All-Season Tires – All You Need To Know

You’ve landed on a goldmine of all-season tire information. I’ve laid out everything you need to know about these adaptable tires, perfect for navigating any kind of weather the year throws your way.

There are five main types to choose from, each with its unique strengths. I’ve put together thorough reviews and head-to-head comparisons to guide you in picking the right tire for your vehicle.

Start exploring the categories below and discover the best tires for every season. If you’re ever in doubt or just want to talk tires, I’m here and happy to help.

You can learn more about all these all-season categories here (Bonus: here I also mentioned the best tire for each).

Grand Touring All-Season Tires

Grand Touring is the most common category, where tires excel in wet and winter conditions, relatively, featuring advanced siping, and mostly 3PMSF and M+S ratings, with a blend of winter tire characteristics for better cold weather grip.

These all-season tires offer a balance between performance in snow and on dry roads, with a focus on comfort and reduced noise through pitch sequencing. And yes, they typically come with warranties over 60k miles and have H and V speed ratings, predominately.

See the List of Best Grand Touring All-Season Tires.

Michelin CrossClimate 2

Renowned for its snow performance, the Michelin Crossclimate 2 leads the way, and of course, it’s rated with the 3 peak mountain snowflake rating. Moreover, the tire is exceptional in both dry and wet conditions too, where its dry traction slightly outshines the wet performance.

Although wet traction remains competitive, with it’s fewer sipes, it’s directional pattern still offers superb resistance to hydroplaning. And yes, the tire is also pretty comfortable.

Though on the negative side, the tire wears down quicker, relatively, and isn’t so great in terms of fuel economy either.

Detailed Review of this tire:

Continental PureContact LS

The Continental PureContact LS balances performance across parameters, excelling in lateral grip and hydroplaning resistance. The tire offers winter traction, which is adequate, and its advanced design ensures optimized fuel efficiency and longevity. Moreover, its road (imperfections) absorption is notable, but steering responsiveness and noise can be improved.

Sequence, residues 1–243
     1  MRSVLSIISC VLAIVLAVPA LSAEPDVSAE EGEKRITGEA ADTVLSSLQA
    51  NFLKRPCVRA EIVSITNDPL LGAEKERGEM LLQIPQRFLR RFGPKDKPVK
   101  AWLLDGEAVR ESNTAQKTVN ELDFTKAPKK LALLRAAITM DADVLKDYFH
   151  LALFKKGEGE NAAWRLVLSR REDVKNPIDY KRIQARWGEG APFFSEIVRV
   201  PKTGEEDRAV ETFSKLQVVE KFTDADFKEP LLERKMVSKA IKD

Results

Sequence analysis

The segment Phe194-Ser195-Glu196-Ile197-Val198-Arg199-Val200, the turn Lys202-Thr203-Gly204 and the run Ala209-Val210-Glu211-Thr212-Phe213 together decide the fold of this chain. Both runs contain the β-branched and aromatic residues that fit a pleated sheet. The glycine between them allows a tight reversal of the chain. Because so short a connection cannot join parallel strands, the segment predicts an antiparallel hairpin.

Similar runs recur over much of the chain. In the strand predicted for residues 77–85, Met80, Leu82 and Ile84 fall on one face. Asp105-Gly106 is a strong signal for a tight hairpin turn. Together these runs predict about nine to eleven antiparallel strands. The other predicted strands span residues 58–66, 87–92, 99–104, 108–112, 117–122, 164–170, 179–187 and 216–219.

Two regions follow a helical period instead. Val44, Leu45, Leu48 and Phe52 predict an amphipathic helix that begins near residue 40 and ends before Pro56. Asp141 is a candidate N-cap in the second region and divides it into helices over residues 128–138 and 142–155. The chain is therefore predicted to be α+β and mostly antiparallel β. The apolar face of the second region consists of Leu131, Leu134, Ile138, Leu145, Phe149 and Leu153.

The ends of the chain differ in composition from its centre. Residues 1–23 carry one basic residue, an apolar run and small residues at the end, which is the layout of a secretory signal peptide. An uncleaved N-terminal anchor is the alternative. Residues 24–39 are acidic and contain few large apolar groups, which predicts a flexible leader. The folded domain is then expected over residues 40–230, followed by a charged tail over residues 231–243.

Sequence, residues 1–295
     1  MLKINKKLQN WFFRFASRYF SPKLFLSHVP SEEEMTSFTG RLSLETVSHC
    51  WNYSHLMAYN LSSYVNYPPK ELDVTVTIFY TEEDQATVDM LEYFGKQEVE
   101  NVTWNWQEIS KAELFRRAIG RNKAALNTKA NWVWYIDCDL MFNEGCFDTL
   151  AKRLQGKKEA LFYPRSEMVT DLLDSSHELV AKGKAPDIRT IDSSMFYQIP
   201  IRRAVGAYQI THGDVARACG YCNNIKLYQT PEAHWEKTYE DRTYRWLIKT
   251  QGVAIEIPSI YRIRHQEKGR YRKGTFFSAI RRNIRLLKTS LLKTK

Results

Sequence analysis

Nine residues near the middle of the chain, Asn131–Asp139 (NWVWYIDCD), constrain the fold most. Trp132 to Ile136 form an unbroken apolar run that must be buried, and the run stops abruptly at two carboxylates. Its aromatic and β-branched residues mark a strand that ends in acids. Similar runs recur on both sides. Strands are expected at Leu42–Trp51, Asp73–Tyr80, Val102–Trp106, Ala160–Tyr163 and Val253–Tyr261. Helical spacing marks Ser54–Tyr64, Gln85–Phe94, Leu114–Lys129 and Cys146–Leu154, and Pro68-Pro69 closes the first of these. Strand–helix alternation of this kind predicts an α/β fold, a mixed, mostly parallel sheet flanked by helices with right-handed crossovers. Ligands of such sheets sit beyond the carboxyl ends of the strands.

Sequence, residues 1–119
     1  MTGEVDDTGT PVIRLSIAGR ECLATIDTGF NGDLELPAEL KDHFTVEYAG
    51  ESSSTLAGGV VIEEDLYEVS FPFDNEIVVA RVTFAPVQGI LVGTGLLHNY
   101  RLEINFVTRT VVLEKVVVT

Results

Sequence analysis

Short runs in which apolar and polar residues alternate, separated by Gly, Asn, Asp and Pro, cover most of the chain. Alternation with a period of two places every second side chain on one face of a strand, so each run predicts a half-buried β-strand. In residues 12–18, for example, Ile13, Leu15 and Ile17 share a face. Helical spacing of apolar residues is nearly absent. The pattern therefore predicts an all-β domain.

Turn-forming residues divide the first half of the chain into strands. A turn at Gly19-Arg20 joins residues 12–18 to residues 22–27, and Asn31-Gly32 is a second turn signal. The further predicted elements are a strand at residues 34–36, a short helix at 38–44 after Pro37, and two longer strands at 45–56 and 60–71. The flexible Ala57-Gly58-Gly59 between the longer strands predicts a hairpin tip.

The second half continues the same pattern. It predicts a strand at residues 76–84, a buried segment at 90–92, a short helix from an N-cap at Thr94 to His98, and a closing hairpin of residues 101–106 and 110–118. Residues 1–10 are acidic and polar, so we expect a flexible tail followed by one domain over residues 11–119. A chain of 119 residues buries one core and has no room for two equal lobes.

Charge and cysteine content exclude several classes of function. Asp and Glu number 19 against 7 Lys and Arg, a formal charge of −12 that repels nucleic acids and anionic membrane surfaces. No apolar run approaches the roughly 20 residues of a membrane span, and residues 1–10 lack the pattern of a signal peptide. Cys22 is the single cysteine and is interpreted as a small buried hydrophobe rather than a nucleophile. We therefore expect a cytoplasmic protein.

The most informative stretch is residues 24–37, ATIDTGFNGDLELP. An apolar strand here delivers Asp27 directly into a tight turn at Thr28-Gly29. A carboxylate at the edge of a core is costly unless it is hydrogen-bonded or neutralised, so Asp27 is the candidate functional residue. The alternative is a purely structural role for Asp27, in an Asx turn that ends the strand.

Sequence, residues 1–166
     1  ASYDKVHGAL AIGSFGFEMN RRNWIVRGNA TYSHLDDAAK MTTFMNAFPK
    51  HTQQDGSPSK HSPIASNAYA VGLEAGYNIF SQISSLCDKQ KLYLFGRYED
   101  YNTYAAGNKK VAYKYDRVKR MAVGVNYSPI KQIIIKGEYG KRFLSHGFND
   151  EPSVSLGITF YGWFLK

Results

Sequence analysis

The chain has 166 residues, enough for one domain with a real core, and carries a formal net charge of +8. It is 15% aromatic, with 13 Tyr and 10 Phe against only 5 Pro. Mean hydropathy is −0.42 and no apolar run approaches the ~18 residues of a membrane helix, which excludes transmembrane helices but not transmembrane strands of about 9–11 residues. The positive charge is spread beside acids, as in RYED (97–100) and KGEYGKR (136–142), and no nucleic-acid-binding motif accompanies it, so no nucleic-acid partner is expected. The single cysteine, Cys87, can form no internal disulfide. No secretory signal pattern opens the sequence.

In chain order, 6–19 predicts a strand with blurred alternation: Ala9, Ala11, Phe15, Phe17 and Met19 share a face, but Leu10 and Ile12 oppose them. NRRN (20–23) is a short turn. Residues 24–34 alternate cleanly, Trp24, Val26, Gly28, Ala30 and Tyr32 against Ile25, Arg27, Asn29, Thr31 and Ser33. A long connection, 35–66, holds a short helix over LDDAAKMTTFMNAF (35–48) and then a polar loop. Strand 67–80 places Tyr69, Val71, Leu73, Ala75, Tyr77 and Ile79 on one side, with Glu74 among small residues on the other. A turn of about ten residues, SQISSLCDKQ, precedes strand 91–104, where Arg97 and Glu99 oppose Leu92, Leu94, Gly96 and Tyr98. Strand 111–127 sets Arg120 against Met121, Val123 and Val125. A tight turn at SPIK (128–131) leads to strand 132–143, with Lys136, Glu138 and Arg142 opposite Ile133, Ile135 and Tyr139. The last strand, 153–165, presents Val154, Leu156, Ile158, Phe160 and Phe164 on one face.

Read full review of PureContact LS here:

Bridgestone WeatherPeak

The Bridgestone WeatherPeak favors wet over dry performance. While grip is limited, it offers lower rolling resistance, beneficial for fuel economy and tread wear. Moreover, it’s comfort levels are high, though noise reduction could be better a bit, in my experience.

Read full review of WeatherPeak here:

Firestone WeatherGrip

The Firestone WeatherGrip shines in wet and winter conditions but struggles in dry performance, particularly with braking and steering responsiveness. Despite this and consistent road noise, its fuel efficiency, tread life, and design are praiseworthy, surprisingly.

Read full review of here:

Goodyear Assurance WeatherReady

The Goodyear Assurance WeatherReady excels in dry conditions but has room for improvement in wet. Though that doesn’t go for its hydroplaning resistance, which is pretty awesome, and yes, it’s winter performance is also one of the best (earning it with 3 peak mountain rating). Though comfort and noise reduction are moderate. And you’d not be impressed by it’s fuel efficiency and tread life either.

Read full review of here:

Michelin Primacy Tour A/S

The Michelin Primacy Tour A/S offers standout dry performance and steering due to its specific design, but lags in wet conditions. And the reason is it’s stiffer rubber, which also hinders it’s ice and snow performance. Moreover, while the tire is average in fuel economy and tread mileage, it impresses with noise comfort and ride quality.

Read full review of Michelin Primacy Tour A/S here:

Continental AllSeasonContact 2

Read full review of here: